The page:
"Limits to implicit parallelism in functional application"
How much implicit parallelism is there in functional programs?
One answer is "lots (I'd imagine)." Functional languages (and especially non-strict functional languages) can place relatively few constraints on a program's order of evaluation, often allowing multiple evaluations to proceed in parallel--at least in principle. The resulting "implicit" parallelism may be easy and useful to locate and exploit.
Another answer is "not so much (in actual experience)." When you take an existing, non-trivial functional program and try to find practical ways to speed it up by judicious placement of `par` (or by strategies or whatever), a surprisingly large effort can produce a surprisingly small improvement. So maybe that implicit parallelism just isn't there.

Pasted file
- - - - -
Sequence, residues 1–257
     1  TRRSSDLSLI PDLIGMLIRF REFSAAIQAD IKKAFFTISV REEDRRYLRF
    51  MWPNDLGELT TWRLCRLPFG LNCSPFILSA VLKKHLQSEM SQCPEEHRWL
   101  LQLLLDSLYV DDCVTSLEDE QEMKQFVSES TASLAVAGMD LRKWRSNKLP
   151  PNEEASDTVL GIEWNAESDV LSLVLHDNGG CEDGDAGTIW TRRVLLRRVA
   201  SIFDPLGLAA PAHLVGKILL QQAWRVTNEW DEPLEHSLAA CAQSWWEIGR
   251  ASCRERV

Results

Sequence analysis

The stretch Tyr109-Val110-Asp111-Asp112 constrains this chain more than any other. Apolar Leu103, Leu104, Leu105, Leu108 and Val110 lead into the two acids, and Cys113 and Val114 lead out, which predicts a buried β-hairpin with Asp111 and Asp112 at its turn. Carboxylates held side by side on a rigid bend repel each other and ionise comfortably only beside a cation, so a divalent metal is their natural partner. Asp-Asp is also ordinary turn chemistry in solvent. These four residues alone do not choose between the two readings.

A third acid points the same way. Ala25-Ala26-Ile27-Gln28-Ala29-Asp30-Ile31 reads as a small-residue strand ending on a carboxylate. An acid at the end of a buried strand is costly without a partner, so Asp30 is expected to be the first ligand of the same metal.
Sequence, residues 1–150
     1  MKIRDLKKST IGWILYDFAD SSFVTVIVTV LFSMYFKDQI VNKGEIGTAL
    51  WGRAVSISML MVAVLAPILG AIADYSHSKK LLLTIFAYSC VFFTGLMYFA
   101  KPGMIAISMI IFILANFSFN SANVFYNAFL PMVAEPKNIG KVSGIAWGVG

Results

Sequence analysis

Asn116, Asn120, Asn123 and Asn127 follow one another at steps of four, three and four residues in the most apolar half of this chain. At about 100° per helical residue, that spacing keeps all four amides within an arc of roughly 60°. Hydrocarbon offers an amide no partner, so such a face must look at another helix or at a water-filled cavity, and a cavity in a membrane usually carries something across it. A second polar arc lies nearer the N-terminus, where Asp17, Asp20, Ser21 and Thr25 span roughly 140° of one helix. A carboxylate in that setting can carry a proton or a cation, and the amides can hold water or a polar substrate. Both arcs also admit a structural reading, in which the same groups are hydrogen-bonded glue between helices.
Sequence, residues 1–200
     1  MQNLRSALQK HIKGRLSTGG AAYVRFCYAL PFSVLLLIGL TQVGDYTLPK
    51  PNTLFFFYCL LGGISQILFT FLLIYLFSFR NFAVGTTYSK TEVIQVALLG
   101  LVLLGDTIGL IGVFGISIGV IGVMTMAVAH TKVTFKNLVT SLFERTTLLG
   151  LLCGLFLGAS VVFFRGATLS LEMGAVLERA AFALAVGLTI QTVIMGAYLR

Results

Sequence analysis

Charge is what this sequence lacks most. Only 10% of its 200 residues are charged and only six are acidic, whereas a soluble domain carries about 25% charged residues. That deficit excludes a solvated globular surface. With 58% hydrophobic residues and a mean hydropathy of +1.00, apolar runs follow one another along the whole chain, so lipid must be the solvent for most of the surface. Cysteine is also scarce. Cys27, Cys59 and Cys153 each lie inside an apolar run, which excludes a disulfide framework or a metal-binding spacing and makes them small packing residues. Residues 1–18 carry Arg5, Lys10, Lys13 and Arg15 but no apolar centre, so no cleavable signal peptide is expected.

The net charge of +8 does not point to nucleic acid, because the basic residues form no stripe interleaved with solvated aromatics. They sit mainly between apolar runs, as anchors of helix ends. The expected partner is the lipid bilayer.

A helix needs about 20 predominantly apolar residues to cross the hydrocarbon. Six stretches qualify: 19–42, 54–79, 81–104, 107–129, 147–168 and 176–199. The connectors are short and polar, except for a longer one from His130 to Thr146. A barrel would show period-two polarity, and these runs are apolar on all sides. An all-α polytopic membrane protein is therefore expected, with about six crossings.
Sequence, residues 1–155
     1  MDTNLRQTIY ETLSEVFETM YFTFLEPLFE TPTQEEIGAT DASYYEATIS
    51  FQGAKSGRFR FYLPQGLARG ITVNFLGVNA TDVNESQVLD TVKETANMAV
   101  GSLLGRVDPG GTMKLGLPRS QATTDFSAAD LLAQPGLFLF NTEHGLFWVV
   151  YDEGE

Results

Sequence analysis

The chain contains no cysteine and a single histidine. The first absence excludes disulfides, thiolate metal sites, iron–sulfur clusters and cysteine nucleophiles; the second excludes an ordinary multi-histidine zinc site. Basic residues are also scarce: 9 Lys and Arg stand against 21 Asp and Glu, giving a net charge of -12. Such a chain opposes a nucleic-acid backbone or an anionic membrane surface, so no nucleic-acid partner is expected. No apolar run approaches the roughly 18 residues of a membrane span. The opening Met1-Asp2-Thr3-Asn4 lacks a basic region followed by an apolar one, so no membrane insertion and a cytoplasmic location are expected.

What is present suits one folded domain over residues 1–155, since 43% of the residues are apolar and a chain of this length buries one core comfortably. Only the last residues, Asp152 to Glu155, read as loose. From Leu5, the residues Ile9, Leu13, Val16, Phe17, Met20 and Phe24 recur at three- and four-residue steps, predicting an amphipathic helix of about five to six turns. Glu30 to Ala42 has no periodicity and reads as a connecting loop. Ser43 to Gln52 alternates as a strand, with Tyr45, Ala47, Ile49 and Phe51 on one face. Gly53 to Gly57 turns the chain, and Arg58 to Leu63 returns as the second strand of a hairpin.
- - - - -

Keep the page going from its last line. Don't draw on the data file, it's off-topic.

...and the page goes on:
Another is "well, maybe it's there but it's just hard to find." If people can't find much implicit parallelism in real software, maybe it's the fault of the people. Maybe `par` and strategies and such are just too hard for people to use. Maybe some automatic parallelization mechanisms, yet to be invented, could do much better. Or something.
One interesting new answer is "I don't know. Let's measure it." I've just written a short paper on measuring the implicit parallelism in real Haskell programs, such as the NHC98 compiler. These measurements are in the context of a limit study, so they let us say that there is _no more_ than some certain amount of implicit parallelism present; exploiting even that much might of course be impractical.
The paper is at http://www.detreville.org/papers/Limits.pdf. I'd appreciate comments, of course.
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